As the weather finally warms up, so should the hunting opportunities
Henned-up, silent birds in Florida and Mississippi frustrated hunters last week, but it looks like the gobbling action is picking up throughout the southern states.
Hunt Club and Spring Thunder Host Phillip Culpepper says he made another quick trip to Florida last week, where he found better gobbling than during the previous week.
They were still henned up, but talked once you got in pretty tight, Culpepper said.
He says he's been in Mississippi for the last couple of days, and he and his hunting buddies are starting to find gobblers hanging out by themselves.
It's getting better by the day, it seems, he said.
A representative with Florida Fish and Wildlife Conservation Commission (FWC) said they're seeing plenty of strutting and gobbling and that turkey activity seems normal for this time of year in the Sunshine State.
There are many reports of successful hunters from our youth turkey hunts that led off the season to our main season that is underway and continues until April 24, the representative said.
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The Alabama season started May 25, and wildlife photographer Tes Jolly, who's been photographing the birds on her East Central Alabama farm, says the state's recent weird weather hasn't silenced the toms.
Last Thursday it rained over an inch and Friday was windy with dropping temperatures. That didn't dampen the local toms' gobbling, though. I didn't hear any hens on the roost, even though there was plenty of gobbling. Last Friday, two birds arrived early at the greenfield with no hens. The pair gobbled several times each minute for nearly an hour summoning hens. Finally, two hens entered from a new direction. The gobbling ended and strutting began. A few minutes later another hen came in, Jolly said.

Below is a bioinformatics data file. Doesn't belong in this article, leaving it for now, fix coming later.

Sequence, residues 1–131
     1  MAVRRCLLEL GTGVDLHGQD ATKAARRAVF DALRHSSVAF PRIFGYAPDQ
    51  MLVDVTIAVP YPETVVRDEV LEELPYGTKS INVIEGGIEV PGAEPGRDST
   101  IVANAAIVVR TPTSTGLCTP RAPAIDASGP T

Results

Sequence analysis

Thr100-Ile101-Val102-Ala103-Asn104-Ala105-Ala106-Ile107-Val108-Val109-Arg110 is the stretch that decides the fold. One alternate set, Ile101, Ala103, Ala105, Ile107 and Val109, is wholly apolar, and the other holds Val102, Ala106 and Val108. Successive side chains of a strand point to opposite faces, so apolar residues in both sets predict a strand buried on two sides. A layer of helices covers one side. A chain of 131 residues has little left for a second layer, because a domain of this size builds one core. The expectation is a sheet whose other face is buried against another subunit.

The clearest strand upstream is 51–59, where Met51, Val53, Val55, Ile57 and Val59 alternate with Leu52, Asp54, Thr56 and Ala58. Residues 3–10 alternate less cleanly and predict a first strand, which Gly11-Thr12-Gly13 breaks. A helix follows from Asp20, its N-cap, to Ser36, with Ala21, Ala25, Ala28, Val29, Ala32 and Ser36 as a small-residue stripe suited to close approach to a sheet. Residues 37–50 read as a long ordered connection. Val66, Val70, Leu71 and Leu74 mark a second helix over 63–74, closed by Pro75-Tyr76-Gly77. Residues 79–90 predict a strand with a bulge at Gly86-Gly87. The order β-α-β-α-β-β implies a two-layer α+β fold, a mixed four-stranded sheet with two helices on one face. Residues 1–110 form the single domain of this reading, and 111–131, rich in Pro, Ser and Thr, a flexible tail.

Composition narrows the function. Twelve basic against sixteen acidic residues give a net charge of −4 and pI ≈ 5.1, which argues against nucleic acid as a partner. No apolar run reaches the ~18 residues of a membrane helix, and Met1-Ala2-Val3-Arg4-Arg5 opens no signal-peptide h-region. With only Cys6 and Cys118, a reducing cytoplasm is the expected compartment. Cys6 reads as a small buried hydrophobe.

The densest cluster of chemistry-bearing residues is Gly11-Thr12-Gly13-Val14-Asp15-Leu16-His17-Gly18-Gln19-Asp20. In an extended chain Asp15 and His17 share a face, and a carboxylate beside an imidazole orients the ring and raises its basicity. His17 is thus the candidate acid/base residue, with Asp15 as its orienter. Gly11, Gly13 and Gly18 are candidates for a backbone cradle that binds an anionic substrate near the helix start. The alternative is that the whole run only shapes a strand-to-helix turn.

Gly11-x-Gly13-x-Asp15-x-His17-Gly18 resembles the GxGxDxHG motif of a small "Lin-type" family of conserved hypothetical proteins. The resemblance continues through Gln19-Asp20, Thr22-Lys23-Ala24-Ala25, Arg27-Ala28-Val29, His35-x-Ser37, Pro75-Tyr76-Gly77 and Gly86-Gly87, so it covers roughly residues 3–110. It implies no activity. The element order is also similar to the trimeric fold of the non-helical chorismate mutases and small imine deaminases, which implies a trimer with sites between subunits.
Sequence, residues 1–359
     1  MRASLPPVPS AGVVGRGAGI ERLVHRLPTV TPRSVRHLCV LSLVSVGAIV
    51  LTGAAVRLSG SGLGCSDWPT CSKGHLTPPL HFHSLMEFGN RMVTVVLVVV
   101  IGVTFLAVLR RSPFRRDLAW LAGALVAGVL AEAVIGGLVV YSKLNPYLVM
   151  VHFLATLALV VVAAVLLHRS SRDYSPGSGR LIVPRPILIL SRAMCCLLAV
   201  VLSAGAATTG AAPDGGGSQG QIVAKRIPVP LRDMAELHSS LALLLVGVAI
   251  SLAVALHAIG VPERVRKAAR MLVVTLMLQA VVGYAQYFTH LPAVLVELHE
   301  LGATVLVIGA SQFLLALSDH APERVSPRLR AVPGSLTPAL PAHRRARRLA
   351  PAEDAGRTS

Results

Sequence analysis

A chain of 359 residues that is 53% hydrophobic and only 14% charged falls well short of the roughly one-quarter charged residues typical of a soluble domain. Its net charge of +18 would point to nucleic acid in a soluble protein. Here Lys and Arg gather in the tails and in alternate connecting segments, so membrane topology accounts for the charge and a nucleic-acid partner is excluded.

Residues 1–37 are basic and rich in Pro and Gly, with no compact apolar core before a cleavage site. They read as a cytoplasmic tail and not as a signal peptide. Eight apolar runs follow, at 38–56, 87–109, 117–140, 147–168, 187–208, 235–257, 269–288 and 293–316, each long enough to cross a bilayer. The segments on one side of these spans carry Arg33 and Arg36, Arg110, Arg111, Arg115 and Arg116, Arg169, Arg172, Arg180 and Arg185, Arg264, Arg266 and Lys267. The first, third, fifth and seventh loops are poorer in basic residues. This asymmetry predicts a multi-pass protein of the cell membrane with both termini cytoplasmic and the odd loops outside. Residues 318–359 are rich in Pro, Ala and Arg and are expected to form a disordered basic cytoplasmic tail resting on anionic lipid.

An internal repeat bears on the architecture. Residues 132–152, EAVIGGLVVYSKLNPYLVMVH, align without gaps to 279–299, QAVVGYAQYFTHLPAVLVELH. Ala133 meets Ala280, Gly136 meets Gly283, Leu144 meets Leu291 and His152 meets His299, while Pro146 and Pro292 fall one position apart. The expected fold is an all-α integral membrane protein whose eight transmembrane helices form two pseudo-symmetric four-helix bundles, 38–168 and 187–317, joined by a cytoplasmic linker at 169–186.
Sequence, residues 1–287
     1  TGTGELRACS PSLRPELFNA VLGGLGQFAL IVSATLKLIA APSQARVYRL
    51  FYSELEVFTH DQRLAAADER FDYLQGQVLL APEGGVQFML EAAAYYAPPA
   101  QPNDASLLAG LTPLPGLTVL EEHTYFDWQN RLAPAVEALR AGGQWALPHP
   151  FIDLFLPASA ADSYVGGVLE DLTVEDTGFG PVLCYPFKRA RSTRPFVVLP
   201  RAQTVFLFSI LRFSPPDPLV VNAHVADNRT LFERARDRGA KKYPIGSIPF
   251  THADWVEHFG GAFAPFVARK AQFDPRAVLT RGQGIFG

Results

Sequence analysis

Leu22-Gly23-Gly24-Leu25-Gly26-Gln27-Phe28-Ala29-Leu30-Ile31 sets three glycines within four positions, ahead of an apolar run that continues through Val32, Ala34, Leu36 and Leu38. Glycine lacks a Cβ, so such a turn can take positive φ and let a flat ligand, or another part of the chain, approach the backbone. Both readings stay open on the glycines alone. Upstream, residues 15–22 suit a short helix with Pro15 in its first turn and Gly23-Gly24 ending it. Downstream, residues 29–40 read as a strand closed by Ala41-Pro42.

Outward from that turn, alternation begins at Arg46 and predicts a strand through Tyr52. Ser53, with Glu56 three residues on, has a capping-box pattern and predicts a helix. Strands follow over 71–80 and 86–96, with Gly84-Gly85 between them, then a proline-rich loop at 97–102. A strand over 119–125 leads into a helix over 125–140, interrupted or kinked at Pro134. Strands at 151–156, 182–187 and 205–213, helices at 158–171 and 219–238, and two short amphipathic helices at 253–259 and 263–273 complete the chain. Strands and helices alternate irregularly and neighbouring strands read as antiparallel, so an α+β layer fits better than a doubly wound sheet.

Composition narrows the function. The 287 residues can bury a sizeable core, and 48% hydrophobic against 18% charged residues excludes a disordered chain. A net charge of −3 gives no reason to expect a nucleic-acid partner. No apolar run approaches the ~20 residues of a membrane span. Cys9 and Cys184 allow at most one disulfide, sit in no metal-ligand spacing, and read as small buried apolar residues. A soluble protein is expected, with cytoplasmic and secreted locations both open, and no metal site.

She said over the following three days, the morning temps were in the mid to high 20's with hard frosts.
Gobbling was good on each day. The hen flock seems to have split up. Eight were in the original group. Now, I'm seeing at most four together off the roost. Others are seen in pairs or singles here or on trail cameras in other areas. They may be getting an early nesting start. Hopefully, those frigid mornings didn't adversely affect any eggs already laid. Warm temperatures are here now!
With Georgia's season opening April 1, Realtree's Tyler Jordan has been out scouting and is chomping at the bits to hunt his home state.
The birds in Georgia are still fairly grouped up, and with the cooler temps this past week, I haven't heard much gobbling at all. I've gone out to listen a couple mornings on our place and haven't heard a peep, Jordan said.
He's headed to Mississippi before the Georgia opener and has heard that the birds there aren't as flocked up as in Georgia.
So, that could be good for our hunt. I'm expecting for temps to be warmer in north Mississippi by the time we're hunting, so that can only help, I believe, Jordan said.
Realtree's funny man Michael Pitts says he's also been doing a bit of scouting in Georgia to try and locate the birds.
It seems most of them are still grouped up, and have not started separating yet. We have had some weird weather here lately. It was unseasonably hot last week and then we had a cold snap this past weekend. Now it is warming back up again, and I think the cold snap slowed them down a bit. Georgia season starts April 1, so I will start getting in the woods and listening at daybreak here in the near future.